Ginsburg's dissent intimates that the majority was set up and being played by forces in the religious right. Specifically, Ginsburg notes that three months after the Colorado administrative law judge issued a ruling (one of the multiple levels of review by the Colorado authorities on the matter's way up to the Colorado Court of Appeals) William Jack made his visits to other Colorado bakeries. Ginsburg said that the commission found no probable cause in support of William Jack's claim of unequal treatment. As the commission noted, the Masterpiece gay couple requested no message on their cake and asked for a cake that was indistinguishable from any other cake that Phillips would have sold to others. Ginsburg argued that the cake-making requests "with which the Court aligns are hardly comparable" as all the bakers approached by Jack would have sold him any baked goods they "would have sold anyone else." She explained that Phillips' refusal of the gay couple was "for no reason other than their sexual orientation [denying them] a cake of the kind he regularly sold to others." Ginsburg stressed that the majority's emphasis on other baked goods Phillips sold to gay people was not relevant to the issue presented. Specifically, "that Phillips would not provide a good or service to a same-sex couple that he would provide to a heterosexual couple." And as for the sentiments expressed by "one or two commissioners," whatever one might think of the statements (in their "historical context" as providing examples of discrimination), such comments should "not be taken to overcome Phillips refusal" to sell the cake to the couple. Unlike the majority, Ginsburg referenced the "several layers of independent decision-making" referring to the review by the administrative law judge after an extensive hearing, the review by the Colorado commission, and the judicial review provided by the Colorado courts, including the Court of Appeals that reviewed the case de novo. Ginsburg noted that "the Commission was but one" of these multiples avenues of review.
She concluded her dissent with an expression of puzzlement as to the majority's reliance on only one case as precedent, Lukumi. In Lukumi, a Florida city council made a law specifically to deprive a group of religious rights, and as Ginsburg noted, this case is "far removed" from those facts.
The decision in Masterpiece Cake resolves little except for the circumstances of the Colorado baker, who may now take the "next step" in a successful challenge to a state's antidiscrimination laws. In our own Kern County cake case (in which a California superior court judge this year exempted, on First Amendment grounds, a religiously minded baker's refusal to make a wedding reception cake for a same-sex couple), the baker is now seeking from the state of California over $400,000 in legal fees as a "prevailing party" for having to defend against an administrative action. See Department of Fair Employment and Housing v. Cathy's Creation, Inc. dba Tastries, BCV-17-102855.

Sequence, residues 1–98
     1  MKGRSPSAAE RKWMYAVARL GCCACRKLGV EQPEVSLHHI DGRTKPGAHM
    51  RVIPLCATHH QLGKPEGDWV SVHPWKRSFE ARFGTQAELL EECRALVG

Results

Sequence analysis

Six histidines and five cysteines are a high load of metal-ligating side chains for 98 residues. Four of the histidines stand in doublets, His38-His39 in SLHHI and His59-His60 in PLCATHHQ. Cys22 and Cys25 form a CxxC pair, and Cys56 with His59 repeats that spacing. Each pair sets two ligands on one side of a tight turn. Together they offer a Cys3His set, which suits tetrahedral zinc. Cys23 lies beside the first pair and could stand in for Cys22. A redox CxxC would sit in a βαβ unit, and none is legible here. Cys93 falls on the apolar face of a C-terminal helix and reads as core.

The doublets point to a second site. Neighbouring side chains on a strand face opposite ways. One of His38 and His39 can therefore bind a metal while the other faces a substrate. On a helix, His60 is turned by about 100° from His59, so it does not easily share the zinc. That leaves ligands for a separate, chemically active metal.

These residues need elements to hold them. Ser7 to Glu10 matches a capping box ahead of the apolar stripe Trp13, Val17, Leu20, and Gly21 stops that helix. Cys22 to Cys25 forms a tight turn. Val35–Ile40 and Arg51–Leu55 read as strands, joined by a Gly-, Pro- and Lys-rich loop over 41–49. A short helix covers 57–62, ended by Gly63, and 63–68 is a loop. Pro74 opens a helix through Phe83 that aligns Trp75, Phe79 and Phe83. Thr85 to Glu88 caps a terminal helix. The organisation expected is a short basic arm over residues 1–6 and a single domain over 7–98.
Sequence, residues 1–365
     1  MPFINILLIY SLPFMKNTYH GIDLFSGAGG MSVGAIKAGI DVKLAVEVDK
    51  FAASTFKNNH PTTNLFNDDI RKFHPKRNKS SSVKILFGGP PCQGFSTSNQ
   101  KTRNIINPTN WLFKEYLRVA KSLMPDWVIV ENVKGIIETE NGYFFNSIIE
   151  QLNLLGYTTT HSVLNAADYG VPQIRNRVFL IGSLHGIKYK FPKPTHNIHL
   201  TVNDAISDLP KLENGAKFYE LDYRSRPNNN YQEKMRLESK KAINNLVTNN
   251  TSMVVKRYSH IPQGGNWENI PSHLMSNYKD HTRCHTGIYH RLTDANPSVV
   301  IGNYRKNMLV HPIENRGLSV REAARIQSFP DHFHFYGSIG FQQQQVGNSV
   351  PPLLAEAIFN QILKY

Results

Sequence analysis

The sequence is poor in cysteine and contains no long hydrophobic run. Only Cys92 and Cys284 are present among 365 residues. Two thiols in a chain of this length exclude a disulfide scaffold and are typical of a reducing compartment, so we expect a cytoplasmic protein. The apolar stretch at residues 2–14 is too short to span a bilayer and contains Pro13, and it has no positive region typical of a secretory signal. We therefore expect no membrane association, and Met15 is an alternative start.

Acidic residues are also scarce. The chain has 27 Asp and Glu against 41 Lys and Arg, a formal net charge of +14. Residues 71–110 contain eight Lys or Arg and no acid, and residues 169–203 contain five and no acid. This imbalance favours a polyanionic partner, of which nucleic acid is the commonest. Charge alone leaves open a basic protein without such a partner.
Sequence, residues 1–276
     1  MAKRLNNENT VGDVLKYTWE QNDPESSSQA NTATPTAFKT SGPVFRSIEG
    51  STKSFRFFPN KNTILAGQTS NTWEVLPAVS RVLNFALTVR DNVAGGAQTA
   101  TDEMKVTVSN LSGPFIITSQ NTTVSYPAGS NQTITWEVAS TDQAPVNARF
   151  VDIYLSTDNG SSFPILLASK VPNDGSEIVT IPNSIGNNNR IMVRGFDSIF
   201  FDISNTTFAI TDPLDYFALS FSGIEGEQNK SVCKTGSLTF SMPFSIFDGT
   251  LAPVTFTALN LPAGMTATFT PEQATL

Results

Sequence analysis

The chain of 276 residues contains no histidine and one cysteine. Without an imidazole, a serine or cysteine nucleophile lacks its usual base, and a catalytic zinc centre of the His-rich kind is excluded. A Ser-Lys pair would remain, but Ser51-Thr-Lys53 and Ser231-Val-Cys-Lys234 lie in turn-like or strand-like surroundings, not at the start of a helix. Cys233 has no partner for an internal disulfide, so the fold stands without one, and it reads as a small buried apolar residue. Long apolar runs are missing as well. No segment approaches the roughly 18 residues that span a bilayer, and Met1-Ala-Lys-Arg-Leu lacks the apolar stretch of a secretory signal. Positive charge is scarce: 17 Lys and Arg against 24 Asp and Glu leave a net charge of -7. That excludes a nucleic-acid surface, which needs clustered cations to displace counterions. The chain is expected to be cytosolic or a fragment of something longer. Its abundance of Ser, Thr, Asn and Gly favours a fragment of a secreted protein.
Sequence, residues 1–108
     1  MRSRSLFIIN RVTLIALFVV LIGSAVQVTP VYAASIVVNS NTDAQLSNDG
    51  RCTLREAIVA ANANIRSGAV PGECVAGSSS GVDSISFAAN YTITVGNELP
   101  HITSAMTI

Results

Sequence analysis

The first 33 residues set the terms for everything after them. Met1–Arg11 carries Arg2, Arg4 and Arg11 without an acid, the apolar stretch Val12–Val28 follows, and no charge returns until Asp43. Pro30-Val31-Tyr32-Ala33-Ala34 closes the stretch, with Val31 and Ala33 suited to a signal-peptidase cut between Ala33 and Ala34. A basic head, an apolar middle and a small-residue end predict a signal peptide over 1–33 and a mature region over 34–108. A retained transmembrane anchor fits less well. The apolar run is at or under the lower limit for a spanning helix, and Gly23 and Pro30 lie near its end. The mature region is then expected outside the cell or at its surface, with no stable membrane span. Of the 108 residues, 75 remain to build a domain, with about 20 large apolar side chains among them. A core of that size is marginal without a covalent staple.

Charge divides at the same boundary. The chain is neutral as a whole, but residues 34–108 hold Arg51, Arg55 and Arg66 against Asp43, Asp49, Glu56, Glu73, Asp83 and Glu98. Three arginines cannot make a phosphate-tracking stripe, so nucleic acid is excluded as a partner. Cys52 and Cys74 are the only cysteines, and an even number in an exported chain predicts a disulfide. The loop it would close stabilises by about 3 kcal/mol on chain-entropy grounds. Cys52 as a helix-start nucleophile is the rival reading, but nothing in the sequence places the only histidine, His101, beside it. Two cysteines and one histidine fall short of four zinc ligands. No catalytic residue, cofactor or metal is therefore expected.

But the Colorado baker, Jack Phillips' lawyers, Alliance Defending Freedom will be ready for the next-as-yet-unidentified-case to which Justice Kennedy refers. Alliance well knows that there is no vetting process for one who claims to possess sincerely-held religious beliefs. The group's fundraising material, which has in the past warned that the group will take action against those with an "anti-Christian agenda" or who advocate "homosexual behavior," advertises that Alliance will take on cases in which believers have not been "able to freely live out their faith" in any aspect of society. Alliance provides free legal assistance to believers and, has media coaching available to get its "champions of liberty" ready for their close-ups.
One of Alliance's representatives in 2014 likened Alliance's support of those who refuse to serve gays to that of Rosa Parks refusing to take the back seat on the bus. Now that Masterpiece is decided, we will wait and see how long it takes for the next case to materialize, and whether Alliance's "vision" of our nation will become a reality.